Mobile phones have become an integral part of our lives in today’s fast-paced world. However, their use while driving can pose significant risks, not only to the driver but also to other road users. To address this concern, the United Kingdom has implemented strict laws regarding using a mobile phone while driving.

Laws on Mobile Phone Use

In the UK, the use of mobile phones while driving is governed by The Road Vehicles (Construction and Use) (Amendment) (No. 4) Regulations 2003 and The Road Traffic Act 1988 (RTA).

According to these regulations, using a handheld mobile phone while driving or even when stopped with the engine on (such as at a traffic light) is illegal. The law applies to all drivers, including those riding motorcycles, and extends to using the phone for calls, texts, social media, or any other interactive communication.

This prohibition applies not only when the vehicle is in motion but also when it’s stationary. Using a handheld device is strictly forbidden whether you’re stopped at traffic lights, stuck in traffic, or supervising a learner driver. Even if your car has a fancy feature that turns off the engine when stationary, the law expects you to keep your hands off your device.

Exceptions to the Law

While using handheld devices while driving is generally prohibited in the UK, there are a few exceptions. These include:

  • Emergency Calls: You can use a handheld device to call emergency services (999 or 112) if it’s unsafe, impractical, or impossible to stop your vehicle.
  • Safely Parked: A handheld device is allowed if your vehicle is safely parked with the engine off and the parking brake engaged.
  • Contactless Payments: Making contactless payments using a handheld device is permitted when the vehicle is stationary, such as at a drive-through.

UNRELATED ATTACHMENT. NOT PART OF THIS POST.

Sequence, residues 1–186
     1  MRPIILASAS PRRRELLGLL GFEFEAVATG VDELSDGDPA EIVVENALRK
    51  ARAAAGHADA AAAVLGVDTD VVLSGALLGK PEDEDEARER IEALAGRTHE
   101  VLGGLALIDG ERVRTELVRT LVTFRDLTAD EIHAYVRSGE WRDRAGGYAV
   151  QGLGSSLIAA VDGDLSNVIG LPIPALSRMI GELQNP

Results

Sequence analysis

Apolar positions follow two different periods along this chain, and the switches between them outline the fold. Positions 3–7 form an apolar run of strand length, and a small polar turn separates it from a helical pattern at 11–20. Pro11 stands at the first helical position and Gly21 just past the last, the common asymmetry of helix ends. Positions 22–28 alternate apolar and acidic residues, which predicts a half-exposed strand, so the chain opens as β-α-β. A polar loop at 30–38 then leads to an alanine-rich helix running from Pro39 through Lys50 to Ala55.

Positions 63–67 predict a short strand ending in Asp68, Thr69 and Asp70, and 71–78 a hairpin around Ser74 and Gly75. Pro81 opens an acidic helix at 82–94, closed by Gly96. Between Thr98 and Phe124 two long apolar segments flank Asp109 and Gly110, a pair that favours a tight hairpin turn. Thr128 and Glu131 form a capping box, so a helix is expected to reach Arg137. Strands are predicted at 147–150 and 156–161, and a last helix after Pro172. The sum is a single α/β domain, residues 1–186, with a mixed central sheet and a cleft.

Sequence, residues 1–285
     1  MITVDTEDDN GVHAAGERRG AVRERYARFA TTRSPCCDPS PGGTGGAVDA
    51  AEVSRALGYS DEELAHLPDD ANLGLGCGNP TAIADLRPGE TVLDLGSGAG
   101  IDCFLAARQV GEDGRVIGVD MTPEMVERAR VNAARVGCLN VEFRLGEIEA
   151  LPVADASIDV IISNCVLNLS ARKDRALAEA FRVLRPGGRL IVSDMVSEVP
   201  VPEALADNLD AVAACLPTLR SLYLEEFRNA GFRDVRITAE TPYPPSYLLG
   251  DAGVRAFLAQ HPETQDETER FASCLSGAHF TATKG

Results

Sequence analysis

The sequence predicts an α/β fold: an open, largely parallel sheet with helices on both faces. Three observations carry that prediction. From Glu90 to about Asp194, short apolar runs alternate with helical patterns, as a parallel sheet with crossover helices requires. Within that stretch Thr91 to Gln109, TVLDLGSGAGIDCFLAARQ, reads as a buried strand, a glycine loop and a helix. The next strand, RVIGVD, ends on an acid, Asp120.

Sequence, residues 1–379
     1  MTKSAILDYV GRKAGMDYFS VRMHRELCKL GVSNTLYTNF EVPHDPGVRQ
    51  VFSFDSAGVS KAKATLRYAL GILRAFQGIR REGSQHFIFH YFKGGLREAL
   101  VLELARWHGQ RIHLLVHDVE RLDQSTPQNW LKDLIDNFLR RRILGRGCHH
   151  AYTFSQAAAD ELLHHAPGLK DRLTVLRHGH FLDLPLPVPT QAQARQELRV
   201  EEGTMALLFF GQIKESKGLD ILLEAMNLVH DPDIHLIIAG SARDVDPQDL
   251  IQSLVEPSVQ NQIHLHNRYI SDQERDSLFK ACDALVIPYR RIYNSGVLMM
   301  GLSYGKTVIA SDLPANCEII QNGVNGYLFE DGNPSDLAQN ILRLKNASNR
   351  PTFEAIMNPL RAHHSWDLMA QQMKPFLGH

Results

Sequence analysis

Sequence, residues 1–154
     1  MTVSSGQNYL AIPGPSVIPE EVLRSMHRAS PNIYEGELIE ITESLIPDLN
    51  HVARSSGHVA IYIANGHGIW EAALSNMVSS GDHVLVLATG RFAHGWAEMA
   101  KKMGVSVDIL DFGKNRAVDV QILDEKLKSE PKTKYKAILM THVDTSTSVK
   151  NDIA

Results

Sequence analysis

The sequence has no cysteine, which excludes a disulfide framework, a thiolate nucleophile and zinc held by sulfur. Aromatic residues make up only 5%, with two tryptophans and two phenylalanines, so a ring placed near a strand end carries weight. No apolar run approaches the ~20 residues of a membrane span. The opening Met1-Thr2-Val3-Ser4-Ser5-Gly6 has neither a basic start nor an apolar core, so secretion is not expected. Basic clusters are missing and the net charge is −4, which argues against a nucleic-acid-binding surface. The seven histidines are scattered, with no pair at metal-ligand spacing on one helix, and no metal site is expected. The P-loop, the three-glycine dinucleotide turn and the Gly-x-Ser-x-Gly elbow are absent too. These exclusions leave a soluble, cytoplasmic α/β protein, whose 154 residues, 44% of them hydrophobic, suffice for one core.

• Remote Parking: You can park your vehicle remotely using a handheld device.

Remember, even within these exceptions, prioritise road safety and avoid unnecessary distractions while driving.


The penalties for using a mobile phone while driving in the UK are severe. If caught, drivers can face the following:

Fixed Penalty Notice

This includes a £200 fine and six penalty points on the driving license. Penalty points can lead to disqualification if a driver accumulates 12 or more within a three-year period.


If the case goes to court, drivers can face a maximum fine of £1,000 (or £2,500 for drivers of goods vehicles or buses), discretionary disqualification, and an endorsement of three to six penalty points.

New Drivers

The penalties are even stricter for drivers who have held a full driving license for less than two years. If caught using a mobile phone while driving within the first two years of passing the driving test, the driver’s license will be revoked, requiring them to retake both the theory and practical tests.

Awareness and Enforcement

The UK government, alongside various organisations and road safety campaigns, consistently works to raise awareness about the dangers of using mobile phones while driving. Stringent enforcement measures are in place to discourage this risky behaviour.

Police officers employ various methods, such as high-profile patrols, technology-enabled surveillance, and public education campaigns, to catch offenders and deter others from engaging in this dangerous practice.

Final Thoughts

Using a mobile phone while driving is illegal in the UK and has severe penalties. Drivers must understand and abide by the law to ensure their safety and the safety of others on the road.

By raising awareness about the legal perspective surrounding mobile phone use while driving, we can collectively work towards reducing accidents and creating safer roads for everyone. Remember, when driving, it’s best to keep your hands on the wheel, and your attention focused on the road ahead.